I upgraded my laptop a few days ago to Windows 10. I have my power plans set in such a way that my screens turn off after a few minutes if there is no activity (I have a secondary screen hooked up to my laptop). Ever since I upgraded, when I return to my laptop after a period of inactivity and wake up my screens, they wake up very slowly and I get a warning that Windows is running low on memory.

I already tried letting my monitors turn off with task manager open to see which process is taking up much memory. It appears that the "System" process uses up to 1GB of memory when the screen is off, which is a lot when having 4 GB in total. When the screens are back on again it stays at around 1 GB for around a minute and then drops back to normal levels of around 200 MB.

I did not have this problem when running Windows 8.1, so it leads me to believe it is related to the upgrade. I already looked at the suggestion for this question to use poolmon to look for a driver issue. From this it appeared that the problem may be related to the ReadyBoost driver, but I am not entirely sure.

The memory usage is fine under normal operation, or when I turn off the screens for a brief moment. It only seems to spike upon turning off my screens for a longer period of time.

Is anyone familiar with this issue, or perhaps know how to reduce RAM usage when my screens are turned off?


2 Answers 2


After trying out a lot of different settings and configurations, it appears the problem is related to the settings of my secondary monitor.

The monitor has three different video inputs (VGA, DVI and HDMI) and it was set to automatically detect the correct input, based on which is connected. Since I only use HDMI, I have changed the input detection to “manual” and set it to HDMI. I do no longer run out of memory now.

It is remarkable though that I did not have this problem on Windows 7 and Windows 8.1, but I do have it on Windows 10.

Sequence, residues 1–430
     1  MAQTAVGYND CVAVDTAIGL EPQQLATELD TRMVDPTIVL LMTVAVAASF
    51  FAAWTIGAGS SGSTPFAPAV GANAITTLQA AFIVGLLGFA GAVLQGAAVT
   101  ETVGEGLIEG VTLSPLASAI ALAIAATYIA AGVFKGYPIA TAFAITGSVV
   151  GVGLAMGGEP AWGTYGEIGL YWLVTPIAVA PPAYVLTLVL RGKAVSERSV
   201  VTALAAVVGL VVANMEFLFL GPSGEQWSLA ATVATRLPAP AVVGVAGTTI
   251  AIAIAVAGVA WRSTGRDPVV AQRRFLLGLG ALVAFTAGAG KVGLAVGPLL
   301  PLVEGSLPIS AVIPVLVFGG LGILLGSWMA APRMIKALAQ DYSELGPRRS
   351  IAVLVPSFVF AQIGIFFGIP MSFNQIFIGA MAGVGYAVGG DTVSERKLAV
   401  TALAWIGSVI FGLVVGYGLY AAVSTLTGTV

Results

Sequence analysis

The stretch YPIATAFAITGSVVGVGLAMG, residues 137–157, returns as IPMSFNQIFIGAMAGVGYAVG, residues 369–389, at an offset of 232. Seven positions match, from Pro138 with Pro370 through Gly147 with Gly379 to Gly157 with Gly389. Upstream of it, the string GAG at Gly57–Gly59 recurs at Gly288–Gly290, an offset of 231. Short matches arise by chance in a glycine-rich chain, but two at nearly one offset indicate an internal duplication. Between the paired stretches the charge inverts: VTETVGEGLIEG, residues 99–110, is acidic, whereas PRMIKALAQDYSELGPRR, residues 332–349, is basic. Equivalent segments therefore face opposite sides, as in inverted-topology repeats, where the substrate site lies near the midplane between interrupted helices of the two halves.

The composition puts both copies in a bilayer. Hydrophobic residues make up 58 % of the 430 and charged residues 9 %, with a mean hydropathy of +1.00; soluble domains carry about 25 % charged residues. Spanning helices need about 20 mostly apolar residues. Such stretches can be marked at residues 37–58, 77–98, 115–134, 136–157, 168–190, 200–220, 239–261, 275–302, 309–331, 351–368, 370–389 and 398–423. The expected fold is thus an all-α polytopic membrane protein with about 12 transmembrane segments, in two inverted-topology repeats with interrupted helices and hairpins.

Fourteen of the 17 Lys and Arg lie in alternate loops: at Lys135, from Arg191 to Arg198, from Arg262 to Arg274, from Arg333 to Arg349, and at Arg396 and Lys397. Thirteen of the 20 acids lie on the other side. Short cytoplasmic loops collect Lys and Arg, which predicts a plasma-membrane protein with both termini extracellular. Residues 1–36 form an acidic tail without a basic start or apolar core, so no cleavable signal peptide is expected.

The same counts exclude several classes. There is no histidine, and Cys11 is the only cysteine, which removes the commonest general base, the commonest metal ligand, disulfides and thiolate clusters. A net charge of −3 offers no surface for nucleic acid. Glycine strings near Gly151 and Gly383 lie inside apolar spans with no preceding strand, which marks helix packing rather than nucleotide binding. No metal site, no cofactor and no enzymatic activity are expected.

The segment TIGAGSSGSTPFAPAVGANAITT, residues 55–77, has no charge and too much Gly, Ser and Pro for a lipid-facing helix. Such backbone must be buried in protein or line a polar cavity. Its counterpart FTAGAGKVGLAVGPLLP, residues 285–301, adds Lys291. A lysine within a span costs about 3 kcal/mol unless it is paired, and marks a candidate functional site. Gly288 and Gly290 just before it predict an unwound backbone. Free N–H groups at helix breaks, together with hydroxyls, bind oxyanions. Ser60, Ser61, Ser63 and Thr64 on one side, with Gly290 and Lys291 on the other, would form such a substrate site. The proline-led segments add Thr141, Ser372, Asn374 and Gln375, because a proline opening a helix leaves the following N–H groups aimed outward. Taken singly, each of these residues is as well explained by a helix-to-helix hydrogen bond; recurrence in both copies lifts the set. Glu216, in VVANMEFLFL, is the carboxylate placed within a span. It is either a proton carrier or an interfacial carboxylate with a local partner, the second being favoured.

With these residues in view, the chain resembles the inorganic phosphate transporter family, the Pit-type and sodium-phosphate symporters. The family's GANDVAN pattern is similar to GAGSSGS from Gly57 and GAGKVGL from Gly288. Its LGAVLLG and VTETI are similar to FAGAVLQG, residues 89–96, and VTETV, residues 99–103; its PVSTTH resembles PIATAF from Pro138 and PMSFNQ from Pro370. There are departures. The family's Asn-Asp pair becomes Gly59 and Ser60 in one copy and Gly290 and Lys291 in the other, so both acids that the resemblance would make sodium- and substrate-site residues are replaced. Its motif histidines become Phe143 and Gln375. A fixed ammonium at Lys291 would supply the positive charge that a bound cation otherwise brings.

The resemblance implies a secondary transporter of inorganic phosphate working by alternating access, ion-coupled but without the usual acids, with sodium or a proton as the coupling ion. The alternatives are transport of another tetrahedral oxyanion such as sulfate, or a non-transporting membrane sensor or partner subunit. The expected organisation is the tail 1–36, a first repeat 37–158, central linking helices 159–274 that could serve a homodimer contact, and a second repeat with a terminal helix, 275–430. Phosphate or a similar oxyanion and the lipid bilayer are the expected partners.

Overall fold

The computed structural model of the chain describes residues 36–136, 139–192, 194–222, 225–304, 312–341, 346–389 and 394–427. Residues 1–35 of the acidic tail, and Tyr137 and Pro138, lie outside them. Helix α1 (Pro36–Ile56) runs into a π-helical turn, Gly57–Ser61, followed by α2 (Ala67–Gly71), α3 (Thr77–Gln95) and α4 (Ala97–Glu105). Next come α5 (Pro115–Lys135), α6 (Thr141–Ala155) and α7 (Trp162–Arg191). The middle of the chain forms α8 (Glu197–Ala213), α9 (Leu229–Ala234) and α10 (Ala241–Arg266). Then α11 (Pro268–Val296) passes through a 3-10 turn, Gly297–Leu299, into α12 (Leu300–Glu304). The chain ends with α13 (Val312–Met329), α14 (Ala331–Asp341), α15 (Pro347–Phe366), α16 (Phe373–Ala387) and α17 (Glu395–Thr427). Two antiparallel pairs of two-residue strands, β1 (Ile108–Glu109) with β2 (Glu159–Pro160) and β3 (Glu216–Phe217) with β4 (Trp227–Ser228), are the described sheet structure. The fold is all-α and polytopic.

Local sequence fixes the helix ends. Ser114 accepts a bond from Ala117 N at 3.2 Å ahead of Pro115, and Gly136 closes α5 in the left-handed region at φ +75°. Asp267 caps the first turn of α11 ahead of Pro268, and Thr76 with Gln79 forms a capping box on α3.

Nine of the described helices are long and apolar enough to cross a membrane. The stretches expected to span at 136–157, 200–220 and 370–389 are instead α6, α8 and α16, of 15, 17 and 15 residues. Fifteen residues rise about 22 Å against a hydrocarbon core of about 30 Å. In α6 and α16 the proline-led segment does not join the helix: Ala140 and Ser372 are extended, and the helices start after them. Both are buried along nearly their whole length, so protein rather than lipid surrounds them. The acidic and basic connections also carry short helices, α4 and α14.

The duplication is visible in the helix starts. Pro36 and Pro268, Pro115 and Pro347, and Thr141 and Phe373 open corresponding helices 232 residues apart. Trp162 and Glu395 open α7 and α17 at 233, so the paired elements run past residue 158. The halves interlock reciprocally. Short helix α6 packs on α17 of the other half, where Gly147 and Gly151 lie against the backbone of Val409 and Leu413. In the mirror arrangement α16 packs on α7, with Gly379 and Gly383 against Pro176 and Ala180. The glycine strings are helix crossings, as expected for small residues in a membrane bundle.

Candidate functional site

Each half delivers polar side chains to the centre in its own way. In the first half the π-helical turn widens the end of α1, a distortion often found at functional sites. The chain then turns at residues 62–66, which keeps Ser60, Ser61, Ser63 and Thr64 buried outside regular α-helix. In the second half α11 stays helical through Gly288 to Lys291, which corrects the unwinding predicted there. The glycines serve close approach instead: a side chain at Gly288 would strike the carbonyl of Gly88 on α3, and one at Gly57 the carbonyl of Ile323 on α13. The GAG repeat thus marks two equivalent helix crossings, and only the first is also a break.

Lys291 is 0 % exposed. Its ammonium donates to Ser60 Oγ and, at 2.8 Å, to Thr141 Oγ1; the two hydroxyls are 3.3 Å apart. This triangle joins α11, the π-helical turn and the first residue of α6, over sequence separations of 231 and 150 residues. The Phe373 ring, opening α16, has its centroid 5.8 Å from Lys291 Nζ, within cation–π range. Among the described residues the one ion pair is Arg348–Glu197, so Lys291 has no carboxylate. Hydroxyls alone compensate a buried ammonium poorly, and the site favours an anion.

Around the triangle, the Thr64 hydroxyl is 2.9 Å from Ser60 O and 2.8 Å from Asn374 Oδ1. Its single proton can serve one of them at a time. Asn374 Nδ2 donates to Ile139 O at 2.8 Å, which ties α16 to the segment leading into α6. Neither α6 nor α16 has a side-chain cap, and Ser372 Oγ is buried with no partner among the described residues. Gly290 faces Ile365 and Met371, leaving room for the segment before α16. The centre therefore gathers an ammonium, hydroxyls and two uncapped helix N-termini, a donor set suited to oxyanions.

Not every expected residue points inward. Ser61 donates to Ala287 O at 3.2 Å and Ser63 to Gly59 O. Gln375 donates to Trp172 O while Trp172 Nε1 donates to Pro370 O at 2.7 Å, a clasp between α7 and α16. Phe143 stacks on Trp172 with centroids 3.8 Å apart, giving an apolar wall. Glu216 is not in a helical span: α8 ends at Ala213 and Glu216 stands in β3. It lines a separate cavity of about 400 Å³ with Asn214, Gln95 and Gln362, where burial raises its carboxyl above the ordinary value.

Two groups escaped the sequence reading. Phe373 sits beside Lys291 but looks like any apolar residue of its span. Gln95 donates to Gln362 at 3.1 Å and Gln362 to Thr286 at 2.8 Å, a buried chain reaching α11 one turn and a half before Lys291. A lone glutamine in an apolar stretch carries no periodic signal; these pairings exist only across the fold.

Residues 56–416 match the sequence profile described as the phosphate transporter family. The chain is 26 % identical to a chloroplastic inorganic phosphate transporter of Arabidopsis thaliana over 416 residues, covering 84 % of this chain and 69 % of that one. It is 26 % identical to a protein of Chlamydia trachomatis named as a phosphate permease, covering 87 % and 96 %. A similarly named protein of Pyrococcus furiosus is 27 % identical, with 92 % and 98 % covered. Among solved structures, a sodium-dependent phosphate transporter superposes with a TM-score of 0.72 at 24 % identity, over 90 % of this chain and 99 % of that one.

• ok, nice to see that you were able to find the cause. Sep 5, 2015 at 18:14
  • @RoelerCoaster: How do you go about changing input detection to manual? Is that done via the ASUS menu button and on-screen display? Or is there a physical switch?
    – PeteH
    Jul 11, 2016 at 6:12
  • @PeteH: I was able to change the input method using the settings menu on the monitor itself, but this may differ between different brands of monitors.
    – user477521
    Aug 14, 2016 at 12:07

ok, In the trace I can see that the function ntoskrnl.exe!SmKmStoreHelperWorker of the Kernel starts to allocate memory.

enter image description here

I discovered this last week on sysinternals.

I've asked Microsoft about it and the answer is that this is by design. It is related to System Memory compression.

In the announcement of Windows 10 Build 10525, Microsoft explained it a bit:

In Windows 10, we have added a new concept in the Memory Manager called a compression store, which is an in-memory collection of compressed pages. This means that when Memory Manager feels memory pressure, it will compress unused pages instead of writing them to disk. This reduces the amount of memory used per process, allowing Windows 10 to maintain more applications in physical memory at a time. This also helps provide better responsiveness across Windows 10. The compression store lives in the System process’s working set. Since the system process holds the store in memory, its working set grows larger exactly when memory is being made available for other processes. This is visible in Task Manager and the reason the System process appears to be consuming more memory than previous releases.

So instead of writing memory data to the pagefile it compresses them. And this compressed memory is shown in the System process.

  • So if I get this right this is something that may be beyond my control and I would have to wait for Microsoft to fix it?
    – user477521
    Aug 4, 2015 at 22:03
  • @RoelerCoaster I got an answer. it is by design. Aug 5, 2015 at 4:06
  • Ok, thank you for the information. So I guess this means there is nothing I can do about it. It is slightly annoying though as my laptop is completely unusable for like 2 minutes when I resume when the screens are off.
    – user477521
    Aug 5, 2015 at 9:10
  • @RoelerCoaster some users reported that disabling Superfetch fixes it. Aug 11, 2015 at 4:39
  • Even though disabling Superfetch reduces the RAM usage during normal operation, it does not seem to fix the allocation of memory while my screen is turned off.
    – user477521
    Aug 13, 2015 at 19:50

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